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    • 1. We are becoming a society that rewards intelligence more than family position. You no longer need to be a Rockefeller to be wealthy; you can just be smart.

      It used to be that the best schools were attended by “the usual suspects”. Now we’re getting the best of the best into those schools. Even poverty isn’t stopping the good kids from getting in.

      And people are waiting longer to marry. So before, I might marry early and not let the results of high intelligence manifest. Now I wait and not select a spouse until I’m in the law firm, the medical practice or the high dollar industry and find myself surrounded by people like me.

      Last, as the intelligent become wealthy and the wealthy reduce the number of children they have, the opposite is in play for the less wealthy; more and more children….

      2. I don’t know. I do know that no matter how much money you give a marginal student to attend college, they are going to perform like a marginal student – complete with dropout rates, and GPAs.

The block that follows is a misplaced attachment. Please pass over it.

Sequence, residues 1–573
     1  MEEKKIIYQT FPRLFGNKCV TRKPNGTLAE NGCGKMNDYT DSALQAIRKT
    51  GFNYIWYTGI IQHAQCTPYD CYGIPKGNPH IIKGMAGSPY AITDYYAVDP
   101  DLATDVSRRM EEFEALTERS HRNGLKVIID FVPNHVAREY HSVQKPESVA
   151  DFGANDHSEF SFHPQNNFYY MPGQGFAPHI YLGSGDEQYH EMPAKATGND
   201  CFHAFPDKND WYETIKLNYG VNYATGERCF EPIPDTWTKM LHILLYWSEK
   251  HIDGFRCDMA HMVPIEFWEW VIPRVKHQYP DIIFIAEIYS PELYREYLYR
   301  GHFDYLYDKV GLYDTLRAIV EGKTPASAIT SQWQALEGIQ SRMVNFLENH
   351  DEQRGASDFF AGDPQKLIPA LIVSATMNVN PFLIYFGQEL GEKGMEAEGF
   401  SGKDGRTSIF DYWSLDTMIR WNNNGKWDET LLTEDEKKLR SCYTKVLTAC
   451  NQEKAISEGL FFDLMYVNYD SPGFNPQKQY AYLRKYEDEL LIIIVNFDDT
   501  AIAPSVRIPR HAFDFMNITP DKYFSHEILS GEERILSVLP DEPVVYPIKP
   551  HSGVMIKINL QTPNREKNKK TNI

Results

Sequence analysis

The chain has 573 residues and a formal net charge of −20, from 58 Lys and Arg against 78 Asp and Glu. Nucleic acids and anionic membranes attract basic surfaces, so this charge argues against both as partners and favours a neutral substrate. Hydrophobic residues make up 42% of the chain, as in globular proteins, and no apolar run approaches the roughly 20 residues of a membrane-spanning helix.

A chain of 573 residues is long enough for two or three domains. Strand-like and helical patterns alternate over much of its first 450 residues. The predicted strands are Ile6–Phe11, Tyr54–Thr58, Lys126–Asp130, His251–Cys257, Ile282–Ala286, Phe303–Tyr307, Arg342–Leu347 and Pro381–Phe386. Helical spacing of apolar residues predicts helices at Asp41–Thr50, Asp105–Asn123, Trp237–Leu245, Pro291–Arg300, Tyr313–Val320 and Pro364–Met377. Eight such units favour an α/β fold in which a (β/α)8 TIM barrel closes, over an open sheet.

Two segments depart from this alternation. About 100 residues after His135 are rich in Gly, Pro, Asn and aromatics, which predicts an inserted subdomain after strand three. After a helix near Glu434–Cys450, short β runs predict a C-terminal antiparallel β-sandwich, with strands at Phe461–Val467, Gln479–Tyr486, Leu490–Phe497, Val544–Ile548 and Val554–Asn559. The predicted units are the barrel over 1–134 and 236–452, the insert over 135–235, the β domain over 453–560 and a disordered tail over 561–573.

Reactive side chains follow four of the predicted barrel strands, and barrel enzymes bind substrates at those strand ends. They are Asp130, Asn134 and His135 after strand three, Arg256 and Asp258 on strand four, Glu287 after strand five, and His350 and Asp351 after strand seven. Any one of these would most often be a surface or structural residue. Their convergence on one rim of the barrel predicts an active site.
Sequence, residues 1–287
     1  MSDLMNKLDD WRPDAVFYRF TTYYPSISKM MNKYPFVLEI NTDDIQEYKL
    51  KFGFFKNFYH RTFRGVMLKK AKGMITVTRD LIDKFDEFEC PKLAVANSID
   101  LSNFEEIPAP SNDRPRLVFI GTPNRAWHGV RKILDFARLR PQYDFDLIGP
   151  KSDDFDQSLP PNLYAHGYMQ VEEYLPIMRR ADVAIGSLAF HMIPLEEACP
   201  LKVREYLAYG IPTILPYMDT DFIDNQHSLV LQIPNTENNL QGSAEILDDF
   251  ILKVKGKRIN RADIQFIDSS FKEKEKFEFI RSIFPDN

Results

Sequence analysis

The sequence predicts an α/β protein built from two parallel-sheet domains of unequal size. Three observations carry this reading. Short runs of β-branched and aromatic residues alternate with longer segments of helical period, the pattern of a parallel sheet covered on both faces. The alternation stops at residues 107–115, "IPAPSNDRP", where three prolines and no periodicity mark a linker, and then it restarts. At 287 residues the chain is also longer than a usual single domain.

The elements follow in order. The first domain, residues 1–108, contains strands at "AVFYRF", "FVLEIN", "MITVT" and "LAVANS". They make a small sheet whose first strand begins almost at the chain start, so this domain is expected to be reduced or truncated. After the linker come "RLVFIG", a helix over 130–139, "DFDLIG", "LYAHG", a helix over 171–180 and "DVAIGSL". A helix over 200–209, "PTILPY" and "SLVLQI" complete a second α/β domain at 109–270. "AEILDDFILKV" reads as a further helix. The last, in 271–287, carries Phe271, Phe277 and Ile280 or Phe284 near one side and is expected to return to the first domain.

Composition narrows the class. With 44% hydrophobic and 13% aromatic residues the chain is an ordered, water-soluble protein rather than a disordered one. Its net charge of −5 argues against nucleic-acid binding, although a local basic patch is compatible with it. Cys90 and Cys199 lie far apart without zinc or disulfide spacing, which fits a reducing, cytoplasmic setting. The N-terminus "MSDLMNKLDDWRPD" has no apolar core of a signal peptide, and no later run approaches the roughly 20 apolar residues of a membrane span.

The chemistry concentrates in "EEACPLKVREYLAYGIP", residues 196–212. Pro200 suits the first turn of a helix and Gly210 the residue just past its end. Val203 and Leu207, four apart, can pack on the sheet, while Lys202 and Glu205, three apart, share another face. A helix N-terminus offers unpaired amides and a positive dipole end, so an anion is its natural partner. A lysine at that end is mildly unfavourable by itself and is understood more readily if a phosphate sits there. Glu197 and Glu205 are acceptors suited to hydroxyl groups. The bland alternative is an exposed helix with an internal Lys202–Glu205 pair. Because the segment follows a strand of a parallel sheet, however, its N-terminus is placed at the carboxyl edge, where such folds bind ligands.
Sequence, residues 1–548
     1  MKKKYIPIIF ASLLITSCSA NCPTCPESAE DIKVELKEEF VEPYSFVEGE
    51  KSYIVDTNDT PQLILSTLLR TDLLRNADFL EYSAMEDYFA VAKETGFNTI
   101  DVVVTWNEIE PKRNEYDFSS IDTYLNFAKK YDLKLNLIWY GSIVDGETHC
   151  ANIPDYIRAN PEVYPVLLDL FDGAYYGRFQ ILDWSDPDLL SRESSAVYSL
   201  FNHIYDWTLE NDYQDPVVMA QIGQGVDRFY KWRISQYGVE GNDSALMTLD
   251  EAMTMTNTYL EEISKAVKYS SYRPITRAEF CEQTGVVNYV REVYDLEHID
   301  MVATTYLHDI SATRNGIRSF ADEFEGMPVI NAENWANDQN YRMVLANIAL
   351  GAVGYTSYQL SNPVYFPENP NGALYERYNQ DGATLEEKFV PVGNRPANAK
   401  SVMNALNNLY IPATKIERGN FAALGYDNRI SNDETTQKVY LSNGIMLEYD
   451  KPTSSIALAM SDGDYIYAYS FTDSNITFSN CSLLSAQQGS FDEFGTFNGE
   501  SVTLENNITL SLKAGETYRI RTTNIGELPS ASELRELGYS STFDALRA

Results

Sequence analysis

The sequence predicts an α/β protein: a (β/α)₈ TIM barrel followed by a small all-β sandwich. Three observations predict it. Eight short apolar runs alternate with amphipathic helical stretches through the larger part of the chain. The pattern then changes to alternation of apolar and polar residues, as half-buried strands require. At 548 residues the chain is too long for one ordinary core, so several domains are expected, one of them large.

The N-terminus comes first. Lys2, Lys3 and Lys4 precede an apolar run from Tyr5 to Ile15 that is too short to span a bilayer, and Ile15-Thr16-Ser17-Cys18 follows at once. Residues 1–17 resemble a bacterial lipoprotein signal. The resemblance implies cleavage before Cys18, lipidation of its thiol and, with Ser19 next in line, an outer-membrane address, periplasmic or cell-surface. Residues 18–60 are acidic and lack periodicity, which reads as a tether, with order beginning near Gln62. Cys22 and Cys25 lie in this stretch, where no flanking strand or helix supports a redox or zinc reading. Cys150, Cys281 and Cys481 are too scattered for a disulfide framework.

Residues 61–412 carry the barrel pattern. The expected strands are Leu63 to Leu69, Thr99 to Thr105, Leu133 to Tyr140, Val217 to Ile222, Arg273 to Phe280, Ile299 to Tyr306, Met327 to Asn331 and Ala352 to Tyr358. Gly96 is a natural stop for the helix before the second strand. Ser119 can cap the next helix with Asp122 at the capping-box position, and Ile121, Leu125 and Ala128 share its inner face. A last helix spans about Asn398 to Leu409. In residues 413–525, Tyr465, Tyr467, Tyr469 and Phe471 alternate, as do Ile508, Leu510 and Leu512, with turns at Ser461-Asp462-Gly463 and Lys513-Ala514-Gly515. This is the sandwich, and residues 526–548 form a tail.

I’m afraid of government involvement in this space. Here in NC it led to government programs that sterilized people that were felt to be “undesirable”.

      3. The solutions are frightening.

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    • 1. Or put another way, as women have achieved virtual equality with men in the work place, I am now free to choose my wife in the same way that women used to choose husbands, say 30-40 years ago; on earning potential.

      If I can choose a woman that wants to work versus a woman that wants to stay home, I’m more and more choosing the woman that can earn. In fact, of my high earning friends and family, I can count, among my closest, at least 6 men that have wives who make more than they do – me included.